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children's literature, childhood and culture (and anything else that strikes my fancy).

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Location: pittsburgh, U.S. Outlying Islands

carbon-based life form: thinking, reading and gardening. New College alum; current grad student writing a dissertation. I specialize in children's literature, media, and culture, and queer/gender studies, with a strong interest in 19th century British literature and culture. I like history, a lot.

Monday, November 01, 2004

kansas charley

I just finished Joan Jacobs Brumberg's book: Kansas Charley: The story of a nineteenth century boy murderer. Charley is a boy who murders, not a murderer of boys (although he is that, too). It was interesting but I do wish Brumberg had spent more time on a broader discussion of juvenile justice and juvenile death penalty cases/issues. The book really is about Kansas Charley, although oddly enough, there isn't much in there about Charley himself - he ends up being a kind of absence in the middle of the book. He evidently spoke very little during his trials; interviews with him are only excerpted in the book. Charley's voice, speaking for himself, is largely absent.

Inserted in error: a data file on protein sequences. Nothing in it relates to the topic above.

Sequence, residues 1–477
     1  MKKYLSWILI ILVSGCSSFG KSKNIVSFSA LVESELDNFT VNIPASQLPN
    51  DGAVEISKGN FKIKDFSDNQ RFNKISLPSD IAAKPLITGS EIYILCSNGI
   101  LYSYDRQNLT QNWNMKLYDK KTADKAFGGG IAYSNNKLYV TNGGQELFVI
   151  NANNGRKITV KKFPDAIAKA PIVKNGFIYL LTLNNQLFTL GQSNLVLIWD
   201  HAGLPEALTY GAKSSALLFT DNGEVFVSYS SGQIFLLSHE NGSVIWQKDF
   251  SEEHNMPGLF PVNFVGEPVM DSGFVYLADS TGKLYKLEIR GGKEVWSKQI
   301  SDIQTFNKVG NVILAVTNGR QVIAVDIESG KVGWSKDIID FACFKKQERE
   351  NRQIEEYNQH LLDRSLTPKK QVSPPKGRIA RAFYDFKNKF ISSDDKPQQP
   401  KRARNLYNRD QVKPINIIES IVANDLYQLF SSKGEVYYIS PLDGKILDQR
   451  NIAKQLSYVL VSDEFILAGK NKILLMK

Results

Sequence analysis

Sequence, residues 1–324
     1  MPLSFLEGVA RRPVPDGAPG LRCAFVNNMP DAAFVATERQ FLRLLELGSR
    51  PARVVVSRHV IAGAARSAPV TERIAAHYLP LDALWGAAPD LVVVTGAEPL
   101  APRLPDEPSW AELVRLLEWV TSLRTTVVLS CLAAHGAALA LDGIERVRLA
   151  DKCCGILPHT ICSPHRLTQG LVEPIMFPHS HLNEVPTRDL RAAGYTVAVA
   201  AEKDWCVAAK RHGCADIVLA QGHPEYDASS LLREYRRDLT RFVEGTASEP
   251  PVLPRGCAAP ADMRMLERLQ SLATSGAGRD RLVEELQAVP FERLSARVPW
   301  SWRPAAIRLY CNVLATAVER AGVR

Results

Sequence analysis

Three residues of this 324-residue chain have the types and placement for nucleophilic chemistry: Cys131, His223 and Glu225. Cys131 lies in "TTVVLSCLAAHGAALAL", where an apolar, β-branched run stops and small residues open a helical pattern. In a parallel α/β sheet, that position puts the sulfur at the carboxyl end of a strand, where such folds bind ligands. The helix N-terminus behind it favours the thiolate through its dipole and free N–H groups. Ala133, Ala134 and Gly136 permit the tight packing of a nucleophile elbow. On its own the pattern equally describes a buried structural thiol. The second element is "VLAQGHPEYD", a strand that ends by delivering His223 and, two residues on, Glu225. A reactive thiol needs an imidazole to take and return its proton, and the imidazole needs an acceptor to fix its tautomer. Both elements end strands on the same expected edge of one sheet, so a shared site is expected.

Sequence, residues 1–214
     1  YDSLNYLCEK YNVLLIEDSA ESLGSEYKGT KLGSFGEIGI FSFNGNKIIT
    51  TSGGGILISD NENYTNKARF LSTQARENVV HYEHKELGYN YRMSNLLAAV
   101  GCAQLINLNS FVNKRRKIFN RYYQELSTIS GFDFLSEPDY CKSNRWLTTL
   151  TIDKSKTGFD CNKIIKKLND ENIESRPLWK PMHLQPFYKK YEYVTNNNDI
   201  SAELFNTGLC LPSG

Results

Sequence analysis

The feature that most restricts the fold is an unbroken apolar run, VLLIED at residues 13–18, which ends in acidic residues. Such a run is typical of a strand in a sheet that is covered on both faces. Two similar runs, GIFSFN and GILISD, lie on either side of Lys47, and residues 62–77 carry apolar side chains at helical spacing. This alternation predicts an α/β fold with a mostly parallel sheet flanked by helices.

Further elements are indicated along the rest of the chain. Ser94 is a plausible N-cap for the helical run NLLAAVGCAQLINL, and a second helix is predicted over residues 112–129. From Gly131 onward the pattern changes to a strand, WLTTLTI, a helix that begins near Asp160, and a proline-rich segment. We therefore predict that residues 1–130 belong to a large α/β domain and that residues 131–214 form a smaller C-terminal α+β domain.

Otherwise, a fantastic case analysis that helps historicize the current anxieties over kids who kill.


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